Special care dentistry in the South West


This is an update on an earlier briefing in September 2019 about work by NHS England and NHS Improvement to strengthen special care dental services in the South West region.

The region covers:
• Gloucestershire
• Bristol, North Somerset and South Gloucestershire
• Swindon
• Wiltshire
• Bath and North East Somerset
• Somerset
• Dorset
• Devon
• Cornwall and Isles of Scilly

As part of its commissioning responsibilities, NHS England and NHS Improvement directly commissions special care adult and paediatric dental services.
Special care dentistry is concerned with improving the oral health of individuals and groups in society who have a physical, sensory, intellectual, mental, medical, emotional or social impairment or disability; or, more often, a combination of these factors.

Services are typically used by:
• People suffering from anxiety and/or extreme phobia of dental treatment
• People with learning difficulties and/or autism
• People with physical disabilities

NHS England and NHS Improvement – South West
• People suffering from dementia
• Patients needing bariatric equipment
• People undergoing chemotherapy
• Some homeless people

People are referred via a number of routes, including:
• High street dentists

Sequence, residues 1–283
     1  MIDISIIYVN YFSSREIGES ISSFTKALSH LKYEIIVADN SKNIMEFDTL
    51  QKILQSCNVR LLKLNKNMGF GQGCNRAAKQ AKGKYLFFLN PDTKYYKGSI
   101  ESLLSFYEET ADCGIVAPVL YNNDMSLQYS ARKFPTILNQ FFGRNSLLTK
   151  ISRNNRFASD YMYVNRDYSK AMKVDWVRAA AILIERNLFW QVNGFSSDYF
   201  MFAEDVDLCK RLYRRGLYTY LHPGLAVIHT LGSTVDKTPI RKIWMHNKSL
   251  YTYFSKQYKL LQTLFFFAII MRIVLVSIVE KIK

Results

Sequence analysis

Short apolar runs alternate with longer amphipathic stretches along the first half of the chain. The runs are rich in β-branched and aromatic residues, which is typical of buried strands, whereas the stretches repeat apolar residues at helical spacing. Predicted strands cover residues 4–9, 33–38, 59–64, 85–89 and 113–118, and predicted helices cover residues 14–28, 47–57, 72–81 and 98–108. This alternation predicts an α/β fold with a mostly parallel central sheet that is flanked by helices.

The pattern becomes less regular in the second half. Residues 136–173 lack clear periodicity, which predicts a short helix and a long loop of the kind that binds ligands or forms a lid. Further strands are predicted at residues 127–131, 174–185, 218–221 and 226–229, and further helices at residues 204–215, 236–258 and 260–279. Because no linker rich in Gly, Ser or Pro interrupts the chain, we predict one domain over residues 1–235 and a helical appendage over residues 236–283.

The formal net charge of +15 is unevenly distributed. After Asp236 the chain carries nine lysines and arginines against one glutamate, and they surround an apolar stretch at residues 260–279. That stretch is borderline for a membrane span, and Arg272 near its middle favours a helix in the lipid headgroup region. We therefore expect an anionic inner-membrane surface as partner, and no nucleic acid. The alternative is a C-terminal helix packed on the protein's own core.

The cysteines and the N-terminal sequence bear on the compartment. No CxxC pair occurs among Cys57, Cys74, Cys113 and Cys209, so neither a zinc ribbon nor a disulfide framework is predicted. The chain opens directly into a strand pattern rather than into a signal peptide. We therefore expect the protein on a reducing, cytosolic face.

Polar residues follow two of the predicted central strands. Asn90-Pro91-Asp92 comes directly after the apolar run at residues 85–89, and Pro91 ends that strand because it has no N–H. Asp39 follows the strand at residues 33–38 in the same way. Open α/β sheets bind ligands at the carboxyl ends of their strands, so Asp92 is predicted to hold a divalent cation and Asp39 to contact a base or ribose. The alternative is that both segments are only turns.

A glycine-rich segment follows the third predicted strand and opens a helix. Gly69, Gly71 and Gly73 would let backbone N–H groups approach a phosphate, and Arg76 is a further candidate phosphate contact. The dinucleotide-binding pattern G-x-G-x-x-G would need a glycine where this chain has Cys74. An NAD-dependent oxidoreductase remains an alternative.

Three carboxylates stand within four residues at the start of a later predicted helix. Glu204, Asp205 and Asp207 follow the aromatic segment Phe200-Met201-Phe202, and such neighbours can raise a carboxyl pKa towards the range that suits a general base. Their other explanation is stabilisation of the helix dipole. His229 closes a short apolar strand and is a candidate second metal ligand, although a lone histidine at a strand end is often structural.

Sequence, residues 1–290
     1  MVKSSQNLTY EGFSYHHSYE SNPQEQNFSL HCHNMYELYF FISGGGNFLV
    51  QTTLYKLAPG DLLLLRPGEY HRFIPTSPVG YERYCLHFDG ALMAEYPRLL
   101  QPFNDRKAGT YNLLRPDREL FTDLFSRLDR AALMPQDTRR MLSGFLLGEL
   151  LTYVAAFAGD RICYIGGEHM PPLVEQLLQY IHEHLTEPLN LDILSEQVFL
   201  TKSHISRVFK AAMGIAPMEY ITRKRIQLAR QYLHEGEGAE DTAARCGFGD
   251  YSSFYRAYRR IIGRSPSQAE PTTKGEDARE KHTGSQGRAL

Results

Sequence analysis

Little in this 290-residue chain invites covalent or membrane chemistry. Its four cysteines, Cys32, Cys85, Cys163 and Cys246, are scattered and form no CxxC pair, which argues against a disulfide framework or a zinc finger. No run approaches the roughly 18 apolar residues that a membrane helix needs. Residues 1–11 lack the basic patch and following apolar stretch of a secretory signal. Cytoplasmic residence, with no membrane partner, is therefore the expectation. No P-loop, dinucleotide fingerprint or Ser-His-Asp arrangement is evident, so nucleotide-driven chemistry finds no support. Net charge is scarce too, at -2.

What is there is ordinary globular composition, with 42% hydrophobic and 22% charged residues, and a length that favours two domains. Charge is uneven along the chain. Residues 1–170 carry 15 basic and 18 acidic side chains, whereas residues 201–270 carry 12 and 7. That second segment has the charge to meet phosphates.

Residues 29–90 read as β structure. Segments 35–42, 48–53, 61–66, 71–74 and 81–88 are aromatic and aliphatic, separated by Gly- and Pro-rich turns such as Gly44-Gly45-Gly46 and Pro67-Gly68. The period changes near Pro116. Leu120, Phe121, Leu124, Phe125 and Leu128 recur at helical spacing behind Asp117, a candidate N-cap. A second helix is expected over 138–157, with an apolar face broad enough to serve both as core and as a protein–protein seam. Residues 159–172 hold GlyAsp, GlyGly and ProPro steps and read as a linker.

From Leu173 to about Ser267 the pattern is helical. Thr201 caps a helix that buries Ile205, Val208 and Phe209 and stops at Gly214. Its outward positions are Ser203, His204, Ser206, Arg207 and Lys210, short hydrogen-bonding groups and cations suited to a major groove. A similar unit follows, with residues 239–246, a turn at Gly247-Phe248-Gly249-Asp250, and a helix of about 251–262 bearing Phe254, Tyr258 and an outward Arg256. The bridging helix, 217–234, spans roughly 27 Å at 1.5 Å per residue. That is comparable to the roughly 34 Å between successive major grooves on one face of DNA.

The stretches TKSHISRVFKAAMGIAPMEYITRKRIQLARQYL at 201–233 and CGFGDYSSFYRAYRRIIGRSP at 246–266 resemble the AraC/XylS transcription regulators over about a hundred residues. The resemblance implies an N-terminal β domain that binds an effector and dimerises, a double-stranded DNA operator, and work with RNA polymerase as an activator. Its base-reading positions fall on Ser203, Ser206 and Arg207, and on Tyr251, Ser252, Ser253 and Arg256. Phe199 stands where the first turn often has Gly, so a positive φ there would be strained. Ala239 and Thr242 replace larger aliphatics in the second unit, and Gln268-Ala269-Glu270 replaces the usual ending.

• GPs
• School nurses
• Social workers
• Care workers
• Voluntary organisations

Special care dental services provide urgent care, check-ups and treatment. Some
are also linked to other services such as oral surgery. Some, but not all, provide
general anaesthetic for patients who cannot be treated by local anaesthetic.

Services across the South West are currently provided by:
1. UH Bristol PCDS (Bristol, Bath and North East Somerset)
2. Smile Together CIC (Cornwall)
3. Northern Devon Healthcare NHS Trust (Exeter, North Devon, East Devon,
Mid Devon, West Devon North)
4. Livewell Southwest (Plymouth)
5. Torbay & South Devon NHS Foundation Trust Community Dental (Torbay,
West Devon (South), South Hams, Teignbridge)
6. Somerset Partnership NHS Foundation Trust (Somerset)
7. Great Western Hospital CDS (Swindon and Wiltshire)
8. Gloucester Health and Care GCS CDS (Gloucestershire)
9. Somerset NHS Foundation Trust (Dorset)

Some of these contracts had been due to end in March 2021. Approval has now
been secured at national level for these to be extended until March 2023.

The three-year plan:

The next three years, running up to that date, will be used to:
1. Carry out a comprehensive regional needs-assessment for oral health
2. Develop a comprehensive dental commissioning strategy covering primary
care, community dental and secondary care (hospital) dental services
NHS England and NHS Improvement – South West
3. Work with all seven Sustainability and Transformation Partnerships/Integrated
Care Systems in the South West to consider appropriate models of care that
integrate with the wider health strategies for the people they each serve
4. Identify services to be redesigned so the best-possible treatment can be
offered consistently across the South West